There’s a rebel movement at Student & Innovation House in Frederiksberg. It aims to fix traditional ways of teaching and learning and replace them with "goosebumping" learner-centered methods, cooking and storytelling.
The Independent Research Fund Denmark receives about a third fewer grant applications from women compared to men. At CBS, it’s even worse. The Vice Dean of Research at CBS argues that female scholars miss out on chances for promotion when not applying and thereby a possibility to bridge the huge gender gap at professor level.
The images from the aftermath of the handing-in party in May have provoked students and staff of CBS to share their thoughts and feelings on CBS WIRE’s Facebook and Instagram pages. Some have also come up with ideas on how to fix the problem, and they're welcomed by the Vice President of CBS Students who asks for even more ideas about what to do.
A rapid digital transformation of society and increasing demands for life-long learning prompt the Dean of Education to appoint two new associate deans. The aim is to get CBS up to speed with the changes and opportunities related to these phenomena, as CBS is lagging far behind, according to the Dean. We spoke to the two new associate deans about their plans, which are expected to produce results within the year.
CBS Pride is getting ready for another season on August 17. “Students are here to do more than chase a business career,” explains David Brodecky, one of the organizers. This year, attendees can look forward to events such as Drag bingo, a special talk, QueerLab, a banner workshop and a dance. But to David Brodecky, the Pride is much more than one big party. It’s personal.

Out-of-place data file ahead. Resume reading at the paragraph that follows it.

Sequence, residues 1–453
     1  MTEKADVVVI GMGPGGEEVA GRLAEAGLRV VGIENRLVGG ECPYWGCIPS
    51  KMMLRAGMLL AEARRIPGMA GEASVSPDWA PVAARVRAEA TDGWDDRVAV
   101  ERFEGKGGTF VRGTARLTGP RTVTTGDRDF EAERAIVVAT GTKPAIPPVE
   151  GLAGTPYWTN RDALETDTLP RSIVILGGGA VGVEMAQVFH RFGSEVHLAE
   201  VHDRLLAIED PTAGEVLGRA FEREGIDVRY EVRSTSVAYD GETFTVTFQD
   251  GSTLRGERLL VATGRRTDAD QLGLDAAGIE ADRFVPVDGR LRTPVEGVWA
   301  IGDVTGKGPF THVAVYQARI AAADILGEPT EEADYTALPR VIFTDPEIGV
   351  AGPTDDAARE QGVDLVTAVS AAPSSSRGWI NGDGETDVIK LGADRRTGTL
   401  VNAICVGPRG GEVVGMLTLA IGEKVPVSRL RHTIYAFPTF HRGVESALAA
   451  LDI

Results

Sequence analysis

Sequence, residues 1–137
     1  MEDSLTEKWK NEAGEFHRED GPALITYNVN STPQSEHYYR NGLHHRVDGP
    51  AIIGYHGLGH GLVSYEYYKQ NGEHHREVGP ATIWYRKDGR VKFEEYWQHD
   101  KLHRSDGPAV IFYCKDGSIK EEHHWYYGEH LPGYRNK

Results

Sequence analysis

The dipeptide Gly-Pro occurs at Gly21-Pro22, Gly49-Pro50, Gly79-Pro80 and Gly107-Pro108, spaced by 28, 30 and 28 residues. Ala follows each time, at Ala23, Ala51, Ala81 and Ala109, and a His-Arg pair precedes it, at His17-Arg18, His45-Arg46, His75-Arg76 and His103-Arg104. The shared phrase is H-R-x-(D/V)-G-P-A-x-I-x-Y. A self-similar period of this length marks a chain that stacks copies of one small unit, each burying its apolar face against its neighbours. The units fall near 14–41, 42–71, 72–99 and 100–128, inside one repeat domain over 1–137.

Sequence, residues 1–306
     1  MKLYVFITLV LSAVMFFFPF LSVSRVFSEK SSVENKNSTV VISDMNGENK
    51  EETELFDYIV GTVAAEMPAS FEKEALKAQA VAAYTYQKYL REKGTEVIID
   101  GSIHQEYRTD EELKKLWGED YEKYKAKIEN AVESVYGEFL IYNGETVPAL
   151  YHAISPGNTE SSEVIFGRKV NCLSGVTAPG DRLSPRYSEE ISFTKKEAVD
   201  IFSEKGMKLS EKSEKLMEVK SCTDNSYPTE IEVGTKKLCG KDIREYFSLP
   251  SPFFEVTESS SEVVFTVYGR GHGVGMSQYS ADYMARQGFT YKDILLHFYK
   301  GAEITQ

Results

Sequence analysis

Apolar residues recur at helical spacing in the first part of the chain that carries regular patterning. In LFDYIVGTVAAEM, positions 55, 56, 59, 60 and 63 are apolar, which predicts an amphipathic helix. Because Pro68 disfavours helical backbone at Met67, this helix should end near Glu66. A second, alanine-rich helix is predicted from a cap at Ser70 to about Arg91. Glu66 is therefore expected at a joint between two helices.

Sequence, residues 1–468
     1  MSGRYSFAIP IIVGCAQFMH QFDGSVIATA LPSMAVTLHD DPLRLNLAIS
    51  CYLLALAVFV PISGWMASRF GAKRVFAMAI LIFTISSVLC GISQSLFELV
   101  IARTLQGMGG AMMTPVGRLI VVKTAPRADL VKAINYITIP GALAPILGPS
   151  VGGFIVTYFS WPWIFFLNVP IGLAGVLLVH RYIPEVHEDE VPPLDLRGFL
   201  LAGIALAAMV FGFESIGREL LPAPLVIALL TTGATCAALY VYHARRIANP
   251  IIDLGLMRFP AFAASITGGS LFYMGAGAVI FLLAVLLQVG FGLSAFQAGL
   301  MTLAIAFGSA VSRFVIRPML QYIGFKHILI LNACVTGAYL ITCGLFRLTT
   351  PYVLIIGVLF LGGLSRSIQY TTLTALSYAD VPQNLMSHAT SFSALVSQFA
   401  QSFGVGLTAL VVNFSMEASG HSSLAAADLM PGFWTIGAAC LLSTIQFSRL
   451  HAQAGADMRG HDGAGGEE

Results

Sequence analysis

This year’s thesis handing-in party left a mess outside Café Nexus. Just like last year. The Vice President of CBS Students agrees that the student demand for more sustainability has a hollow ring to it if they leave a mess like that. CBS Students hopes to kick-start a change of behavior this coming semester to avoid trash being thrown around.
If teachers want to be perceived as warm people, they should try adding a few smileys to their emails, argues Associate Professor at CBS, Antonia Erz. She’s just completed a research paper about the use of emojis in online communication between students and teachers and offers advice to colleagues on the matter – like why teachers should stay away from the winking smiley.
Henrik Ramlau-Hansen, CBS professor and former financial director of Danske Bank, is no longer teaching or taking on new tasks as a supervisor, as he has been charged with money laundering as part of the investigation into Danske Bank.
Fewer British men buy Pandora jewelry as gifts. CBS students were asked to crack the case and present solutions to Pandora’s executive team. The live case format builds a bridge between theory and practice and it’s here to stay, according to a CBS teacher and the person who developed the concept
When Nickolaj Skytte Nielsen was just 19 years old, he invented a special hut for free-range pigs and established his own company in Jutland. Today, at 22 years old, he still runs his business while studying at CBS in Copenhagen. Although it demands a lot of traveling, he loves working with the pig huts. But fellow students from Copenhagen have never seen a pig in real life or heard of huts in their big city lives. Some even think that pigs live on shelves… Well, they don’t!